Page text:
By Rich Tarrant
I am aware of the existence of only three tokens like the one pictured with this essay. The first was one owned by Vermilionite Irvin G. Howell (1906–1997) that was apparently misplaced during a local history celebration. A person walking along the beach near Linwood Park found the second token. Vermilionite John R. Moc recently discovered the third one (pictured), during one of his regular beachcombing expeditions along Vermilion’s lakefront. And if I told ye just how excited I was to be able to see this artifact from our town’s yesteryear I doubt that anyone would believe it.
In 1905-06 a fella named Louis Noel, a man of French-Canadian origins and his young wife Mary Kess-Noel from Erie, Pennsylvania arrived in Vermilion, Ohio. They had been married for nine years. She was 25. He was 33. Eventually Noel, a commercial fisherman by trade, obtained a lease to operate a small ferry concession on the east side of the Vermilion River transporting (mainly) Linwood residents to the west side of the river to do their shopping etc. in town. Though Linwood residents could also walk to town the trek was, for many years, rather circuitous. Taking the ferry was faster and most likely a good deal more fun – especially for youngsters.
Although the rights to the ferry service did not specifically belong to the Linwood Park Company the individual holding the lease (and there had been several) to the concession paid a special fee to the park to keep their west gate open allowing access and egress to the ferry. [Note: I have long thought, without a shred of any concrete evidence, that in the early days of the 19th century that this was the route / path early settlers and travelers took through, to and from the wilderness that became Vermilion Ohio.]
Anyway, Cloudy’s original ferryboat was a 20-foot flat-bottomed craft he named Gertrude. The following amusing anecdote about Cloudy was that of late Vermilion historian George Wakefield: “It was an open craft with benches on either side powered by a single engine near the stern. There was always a big pile of life preservers at the stern, and a large American flag flew aft. He steered her with a rope that ran athwart ship. When he docked he would shut the engine off in just the right place, coast into the dock, and gently toss a line around a pile to bring her to a slow stop. One of his favorite tricks was to start the engine by rocking the boat; he would set the flywheel near the ignition and roll the boat just right and the darn De Moy (engine) would just take off like a pet steam engine. He would then dance a jig as the boat moved in a small curve to the east dock singing as they went.”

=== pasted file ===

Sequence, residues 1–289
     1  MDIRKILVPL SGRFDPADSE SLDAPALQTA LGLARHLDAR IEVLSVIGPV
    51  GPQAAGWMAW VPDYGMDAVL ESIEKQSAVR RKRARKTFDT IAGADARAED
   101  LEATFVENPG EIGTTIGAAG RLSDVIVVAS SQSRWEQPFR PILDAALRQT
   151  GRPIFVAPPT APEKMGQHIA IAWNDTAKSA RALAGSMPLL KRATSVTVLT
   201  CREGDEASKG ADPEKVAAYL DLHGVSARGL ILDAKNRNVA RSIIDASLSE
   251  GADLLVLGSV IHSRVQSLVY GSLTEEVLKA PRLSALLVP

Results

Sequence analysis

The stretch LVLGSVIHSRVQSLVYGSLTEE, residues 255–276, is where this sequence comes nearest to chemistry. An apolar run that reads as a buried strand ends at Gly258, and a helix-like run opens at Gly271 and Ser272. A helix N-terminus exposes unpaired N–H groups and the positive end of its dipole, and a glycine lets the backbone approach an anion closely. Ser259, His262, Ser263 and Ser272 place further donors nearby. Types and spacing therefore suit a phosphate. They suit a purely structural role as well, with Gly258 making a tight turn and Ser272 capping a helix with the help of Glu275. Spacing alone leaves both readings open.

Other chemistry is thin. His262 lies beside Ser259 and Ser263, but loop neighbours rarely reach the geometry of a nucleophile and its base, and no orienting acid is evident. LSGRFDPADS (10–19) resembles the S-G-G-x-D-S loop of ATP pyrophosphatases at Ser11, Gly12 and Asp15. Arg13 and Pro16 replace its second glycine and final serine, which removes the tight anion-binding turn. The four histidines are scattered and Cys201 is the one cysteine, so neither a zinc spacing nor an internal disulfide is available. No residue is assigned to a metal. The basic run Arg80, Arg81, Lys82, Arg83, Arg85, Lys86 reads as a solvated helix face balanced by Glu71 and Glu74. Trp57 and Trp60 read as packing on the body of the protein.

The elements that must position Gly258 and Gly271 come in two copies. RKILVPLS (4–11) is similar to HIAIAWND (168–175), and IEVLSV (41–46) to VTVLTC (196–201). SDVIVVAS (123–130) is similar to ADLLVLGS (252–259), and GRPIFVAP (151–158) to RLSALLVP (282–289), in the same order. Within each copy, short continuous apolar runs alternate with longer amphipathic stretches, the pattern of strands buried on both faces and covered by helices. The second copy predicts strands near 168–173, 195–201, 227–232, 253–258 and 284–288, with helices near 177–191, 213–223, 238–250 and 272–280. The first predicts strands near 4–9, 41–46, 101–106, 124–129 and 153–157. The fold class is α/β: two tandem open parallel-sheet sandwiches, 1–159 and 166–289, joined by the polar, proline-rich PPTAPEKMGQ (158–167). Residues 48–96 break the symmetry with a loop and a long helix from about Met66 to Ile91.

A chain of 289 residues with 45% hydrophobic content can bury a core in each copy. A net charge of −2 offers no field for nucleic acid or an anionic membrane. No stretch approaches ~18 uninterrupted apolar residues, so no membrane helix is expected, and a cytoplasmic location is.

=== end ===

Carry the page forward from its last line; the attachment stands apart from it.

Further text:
The western dock was just south of the current waterworks building on Main Street. The fare was a nickel. Cloudy would later also use tokens (pictured) for this purpose. American and/or red flags were kept in pipes on either dock and when passengers wanted to cross they would wave them to get his attention. At night he used oil lamps on his docks, and later, when it became feasible, electric lights with switches were installed to signal for ferry service.
When the Gertrude had finally seen her best days local boat builders, Henry Goetz and Jim Brooks built a new round-bottom boat he christened the “Mary N.” They put the old engine in her, and Cloudy the ferryman was back in business. At least he was back in business until the days the automobile and better roads and walks made the ferrying trade obsolete.
Although it is true that Cloudy, the dark handsome clown in bib overalls, who habitually traded gibes with his pals manning the gill-netters; the guy who danced and sang whilst crisscrossing the placid waters of the Vermilion River, was viewed with some disdain by “proper folk”, his antics truly delighted most who knew him.
After the boat livery / ferry business (to poetically put it) dissolved he returned to commercial fishing. In late October of 1954, at the tender age of 83 years, he was felled by a heart attack and passed into the annals of local legend and history.
And then, irony of ironies: On August 30th 2018, precisely 101 years after it officially expired, this token appeared in a small baggy at the Vermilion History Museum. And I was simply amazed. Louis “Cloudy” Noel may be gone, but he is certainly not forgotten.
Vermilion resident Rich Tarrant is Curator of the Vermilion History Museum and a son and a grandson of the late proprietors of The Vermilion News (1897-1964). Readers may email him at: firstname.lastname@example.org